Sadly there was only time to finish the one, and more particularly, cutting the cab sheet used up my last 3 slitting discs, so for the moment the left hand cab side remains untouched. And since we cannot get the welder anywhere near Ashdown at present, the new gussets remain in store at the Briddon Country Pile and bits of gaffer tape cover the corners.

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For the first time in a month, there was no Class 14 training programme on Thursday: I wonder what I used to do on Thursdays before that?

On Saturday, Andrew had declared we were back off to Scunthorpe. By the time we had got there, the 03 D2128 was sat over the pit on the left-most shed road, and Sentinel “Tom” was sat on the track adjacent. Andrew headed over to Tom to carry out further adjustment, this time on the rear spring hangers.

One of the outstanding snags on D2128 is that the compressor will not unload, and the original Broomwade compressor unloader valve- the type that works perfectly on 14 901 – leaks profusely but doesn't influence the compressor. I had picked up an ordinary automotive one to replace it this week, so set about installing it on the original bracket and pipework. The only way to see if it now worked was to run the engine, and, after some minor attention to the throttle linkage, D2128 was brought back to life, Andrew forsook Tom and we started running up and down. After a couple of turns Andrew pushed me aside and decided that, even though it is still somewhat unpredictable in obtaining and retaining each gear, we should put a test load on and 3 nearby locos (the 07 at 42tons, the 02 at 28tons and the Janus at 48) were duly hauled up the hill of a headshunt until wheelspin (Andrew maintains made worse by 1st gear dropping in and out) brought it to a stand. As shunter I had little opportunity to photograph the proceedings, however, Stephen has put some of this up on YouTube (see here), although on reflection he was probably shaking with excitement – or something.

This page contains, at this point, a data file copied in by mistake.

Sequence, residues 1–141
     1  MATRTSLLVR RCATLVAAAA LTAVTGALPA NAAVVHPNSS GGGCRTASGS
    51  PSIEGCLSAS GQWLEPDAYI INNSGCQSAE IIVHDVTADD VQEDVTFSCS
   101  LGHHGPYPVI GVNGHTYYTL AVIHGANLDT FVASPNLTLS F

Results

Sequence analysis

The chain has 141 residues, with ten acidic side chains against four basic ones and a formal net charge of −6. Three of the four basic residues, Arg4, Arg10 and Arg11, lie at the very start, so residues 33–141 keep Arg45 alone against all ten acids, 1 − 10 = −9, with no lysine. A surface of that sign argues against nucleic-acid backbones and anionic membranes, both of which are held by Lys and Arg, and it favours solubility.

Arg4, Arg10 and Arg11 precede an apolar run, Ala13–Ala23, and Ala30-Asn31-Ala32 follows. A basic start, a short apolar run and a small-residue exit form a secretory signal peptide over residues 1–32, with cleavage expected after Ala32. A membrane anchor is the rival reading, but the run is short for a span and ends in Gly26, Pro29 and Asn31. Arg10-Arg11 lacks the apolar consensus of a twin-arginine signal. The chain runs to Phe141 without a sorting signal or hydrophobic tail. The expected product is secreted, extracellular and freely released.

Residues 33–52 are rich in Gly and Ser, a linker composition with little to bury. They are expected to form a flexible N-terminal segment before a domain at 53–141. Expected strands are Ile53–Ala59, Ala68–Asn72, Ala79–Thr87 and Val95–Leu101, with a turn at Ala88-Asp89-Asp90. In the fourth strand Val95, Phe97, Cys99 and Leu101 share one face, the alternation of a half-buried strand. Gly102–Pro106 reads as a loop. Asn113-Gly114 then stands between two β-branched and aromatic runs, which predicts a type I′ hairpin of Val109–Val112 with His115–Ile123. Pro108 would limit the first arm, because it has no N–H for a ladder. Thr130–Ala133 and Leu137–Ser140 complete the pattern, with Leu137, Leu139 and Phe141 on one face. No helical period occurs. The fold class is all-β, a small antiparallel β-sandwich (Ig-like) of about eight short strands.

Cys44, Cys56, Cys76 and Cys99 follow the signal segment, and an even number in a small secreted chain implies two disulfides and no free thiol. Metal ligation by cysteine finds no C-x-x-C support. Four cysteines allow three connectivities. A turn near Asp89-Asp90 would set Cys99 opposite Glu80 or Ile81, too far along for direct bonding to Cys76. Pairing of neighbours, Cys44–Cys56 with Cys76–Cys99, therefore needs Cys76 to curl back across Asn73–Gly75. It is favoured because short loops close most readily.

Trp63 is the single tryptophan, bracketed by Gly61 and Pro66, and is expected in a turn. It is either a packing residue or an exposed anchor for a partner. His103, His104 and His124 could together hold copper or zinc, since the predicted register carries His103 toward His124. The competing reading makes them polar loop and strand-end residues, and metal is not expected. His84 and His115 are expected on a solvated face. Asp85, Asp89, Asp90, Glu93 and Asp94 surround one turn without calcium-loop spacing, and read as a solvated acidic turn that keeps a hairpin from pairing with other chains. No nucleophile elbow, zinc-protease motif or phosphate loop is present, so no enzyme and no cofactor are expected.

More surprising was having come to a stop, D2128 was dragged back down, wheels locked, and we legged it over to get handbrakes on the other locos to stop it before we had flats! After a few attempts at hand sanding to get it higher up the headshunt we gave up and pushed them back. Did the compressor now unload? Er no, you can hear the safety valve periodically dumping on the youtube clip. But as I drove home later I reflected and realised that I am used to buying these valves under a part number which is normally ready set-up. Before we blame the cylinder head unloaders for not functioning, maybe this particular brand isn't and we must do so ourselves. If nothing else, as Andrew observed, with very little throttle on, we appeared to exceed 10mph in top gear and augers well for 30mph+ when we are ready to give it some ooomph.